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Kamloops University Receives Funding for Added Space in Health Care Program

The Thompson Rivers University in Kamloops was one among several universities chosen to receive $1.5 million in government funding to create additional health education spaces. The grant was announced Tuesday morning at Thompson Rivers University and the initiative is in support of B.C.'s health sector.

Caption: Thompson Rivers University Campus (Credit: TRU Facebook)

The one-time funding will create an additional 188 student spaces in short-term health education programs, including mental health and addictions and health-care assistant training, at public colleges and universities throughout B.C.

Demand for adequate health care professionals throughout B.C. is ever pressing. In response to this need, the government is allocating funds to several community educational institutions in order to address the immediate need for space expansion required to host the growing number of students.

“As B.C.’s population ages, the demand for a wide variety of health-care services will continue to grow. This targeted funding will help us deliver education that aligns with sector demands and also meets the health-care needs of British Columbians,” said Advanced Education Minister Amrik Virk.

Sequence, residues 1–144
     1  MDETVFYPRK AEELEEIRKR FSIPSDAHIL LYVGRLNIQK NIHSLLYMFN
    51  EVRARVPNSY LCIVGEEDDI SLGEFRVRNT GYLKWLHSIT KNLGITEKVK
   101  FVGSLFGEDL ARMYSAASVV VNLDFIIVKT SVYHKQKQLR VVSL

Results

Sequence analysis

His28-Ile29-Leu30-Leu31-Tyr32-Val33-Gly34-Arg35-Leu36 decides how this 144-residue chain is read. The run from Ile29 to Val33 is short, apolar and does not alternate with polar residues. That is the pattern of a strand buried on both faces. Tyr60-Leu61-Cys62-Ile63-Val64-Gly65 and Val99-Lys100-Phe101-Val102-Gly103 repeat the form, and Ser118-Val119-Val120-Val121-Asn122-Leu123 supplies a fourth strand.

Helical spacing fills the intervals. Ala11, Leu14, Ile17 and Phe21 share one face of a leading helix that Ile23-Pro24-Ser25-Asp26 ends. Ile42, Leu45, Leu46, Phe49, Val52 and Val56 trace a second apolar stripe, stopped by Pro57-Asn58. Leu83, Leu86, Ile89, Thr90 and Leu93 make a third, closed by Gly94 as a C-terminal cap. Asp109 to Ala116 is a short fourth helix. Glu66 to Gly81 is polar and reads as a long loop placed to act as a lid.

Photo Credit: TRU Facebook

The government has been funding short-term health education programs annually since 2008. Total funding is over $13 million, creating 1,647 additional educational spaces.

“B.C.’s job market is expanding, so it makes sense to prepare workers with the skills they need for the jobs of today and tomorrow. Labour market forecasts show there is a growing need for workers in the health sector – this funding will help our region’s students train for those in-demand jobs,” said Todd Stone, Kamloops-South Thompson MLA.

Thompson Rivers University received $356,000 out of the $1.5 million allocated to B.C. institutions, which will fund 43 seats in its health-care assistant program. In addition, Thompson University also received $100,000 to support its respiratory therapy program from the Provincial Health Services Authority.

“We appreciate the B.C. government's support for more student spaces. At TRU it will go directly to create more seats in our Health Care Assistant Program, one tangible way for TRU to not only help create employment opportunities but to provide the much needed influx of health-care workers our healthcare system needs,” said Alan Shaver, Thompson Rivers University and Vice-Chancellor.

The other educational institutions receiving funding are as follows:

College of New Caledonia
Location: Quesnel and Vanderhoof
Program: Health-care assistant (34 spaces)

Nicola Valley Institute of Technology
Location: Merritt
Program: Health-care assistant (15 spaces)

North Island College
Location: Mount Waddington and Comox
Program: Health-care assistant (20 spaces)

Vancouver Island University
Location: Nanaimo
Program: Community mental health worker (12 spaces)

Camosun College
Location: Victoria
Program: Part-time health-care assistant (32 spaces)

Kwantlen Polytechnic University
Location: Langley
Program: Health-care assistant (32 spaces)



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